Lovers Lane
In The Flesh

Down in the country

| May 15, 2012

As with any genre, many aren’t shy about their opinions of what country music should be. Admittedly, we’re glad it’s not all about heartache and crops drying up and tears in beer: Jason Boland & The Stragglers, however, like to keep things serious. Also in town: Rocky Votolato and Here We Go Magic.

But what makes Rancho Alto an unqualified success is its refusal to preach and that it doesn’t make concessions to recording methods that fabricate grit. In that sense, Jason Boland & The Stragglers are almost better than Drive-By Truckers in selling tales of scraping out a living, moral gray areas, and brutal luck. “Down Here In The Hole” depicts a suck-ass job where you never see the sun; a poisonous relationship becomes routine in “Obsessed”; and, in the harrowing “False Accuser’s Lament,” a poor farmer agrees to go along with the prosecution’s story only to see the gallows every night in his sleep. The Stragglers never over-dramatize Boland’s vignettes, hewing closely to traditional country templates and letting the direct words do the work. (Friday@Joe’s with Chris Knight.)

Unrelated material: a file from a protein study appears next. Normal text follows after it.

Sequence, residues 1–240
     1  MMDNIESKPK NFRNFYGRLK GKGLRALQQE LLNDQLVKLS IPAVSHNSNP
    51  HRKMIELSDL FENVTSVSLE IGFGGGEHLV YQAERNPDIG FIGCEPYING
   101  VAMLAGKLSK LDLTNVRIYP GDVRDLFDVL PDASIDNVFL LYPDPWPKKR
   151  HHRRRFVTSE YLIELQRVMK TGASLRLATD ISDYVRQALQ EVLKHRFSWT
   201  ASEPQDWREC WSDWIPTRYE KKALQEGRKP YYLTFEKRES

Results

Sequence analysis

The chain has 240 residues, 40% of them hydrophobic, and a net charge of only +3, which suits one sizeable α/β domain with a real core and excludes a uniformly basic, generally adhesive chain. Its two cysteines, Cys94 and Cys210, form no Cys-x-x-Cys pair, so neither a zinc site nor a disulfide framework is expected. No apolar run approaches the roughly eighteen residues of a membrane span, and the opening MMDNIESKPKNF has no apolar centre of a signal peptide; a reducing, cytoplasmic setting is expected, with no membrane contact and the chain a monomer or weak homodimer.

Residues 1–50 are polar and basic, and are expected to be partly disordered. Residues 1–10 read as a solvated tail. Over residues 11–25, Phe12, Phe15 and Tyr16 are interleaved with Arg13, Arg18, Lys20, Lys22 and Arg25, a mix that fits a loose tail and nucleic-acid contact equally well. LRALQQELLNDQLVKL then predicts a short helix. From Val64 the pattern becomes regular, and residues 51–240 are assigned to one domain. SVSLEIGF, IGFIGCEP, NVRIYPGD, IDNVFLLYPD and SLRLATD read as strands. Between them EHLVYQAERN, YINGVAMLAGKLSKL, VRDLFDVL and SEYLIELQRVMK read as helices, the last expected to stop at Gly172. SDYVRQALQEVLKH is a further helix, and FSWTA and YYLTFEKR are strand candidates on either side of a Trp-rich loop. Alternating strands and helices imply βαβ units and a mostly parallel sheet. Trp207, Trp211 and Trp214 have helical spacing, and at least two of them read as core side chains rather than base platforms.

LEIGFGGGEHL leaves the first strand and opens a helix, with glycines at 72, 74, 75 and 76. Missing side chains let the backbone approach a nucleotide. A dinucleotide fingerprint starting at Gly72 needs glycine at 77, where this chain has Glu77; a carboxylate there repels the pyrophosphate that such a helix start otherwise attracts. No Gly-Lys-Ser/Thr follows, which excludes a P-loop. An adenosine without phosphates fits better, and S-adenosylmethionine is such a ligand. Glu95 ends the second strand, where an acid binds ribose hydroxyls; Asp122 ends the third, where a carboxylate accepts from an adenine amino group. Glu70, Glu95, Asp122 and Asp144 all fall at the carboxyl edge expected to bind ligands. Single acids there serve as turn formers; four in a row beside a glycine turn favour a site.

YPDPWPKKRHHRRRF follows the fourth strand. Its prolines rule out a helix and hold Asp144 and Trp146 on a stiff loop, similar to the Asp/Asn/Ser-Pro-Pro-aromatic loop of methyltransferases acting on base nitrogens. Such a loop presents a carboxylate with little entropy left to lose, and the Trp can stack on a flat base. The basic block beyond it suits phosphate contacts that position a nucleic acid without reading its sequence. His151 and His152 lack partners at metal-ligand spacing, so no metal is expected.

Rocky Votolato‘s Television Of Saints (Undertow) grows into a family affair, though his unshakable romantic issues remain solely his. Presented in relatively unadorned singer/songwriter tones, Votolato’s problems get reflected back at him in the dreariest details of modern life: stoplights, dead leaves, brick houses along the highway, a perpetually powered TV, etc. The pain of divorce paralyzes “Start Over,” while in “Sunlight” he edges over the lines of mental collapse. In short, Votolato and Boland need to go bowling. (Thursday@Schubas with Kevin Long.)

No established artist says, “I’ve never heard of this producer or anything they’ve done, but I’ll hire them anyway.” It’s certain that Luke Temple liked something Nigel Godrich did (probably for Radiohead) before approaching him to helm Here We Go Magic‘s A Different Ship (Secretly Canadian), the trick was to not give fans or critics incentive to believe that it was because he wanted to sound like one of Godrich’s clients. Mission failed on “Alone But Moving,” where Temple’s cracking falsetto recalls a certain you-know-who. What’s funny, however, is how nothing you’d credit to Godrich sounds identical to Radiohead. Here We Go Magic move somewhat antiseptically (or unassertively) through the album, preferring gauzy textures and insularity as if they couldn’t have gotten there on their own. (Thursday@Empty Bottle with Dolphins.)

— Steve Forstneger

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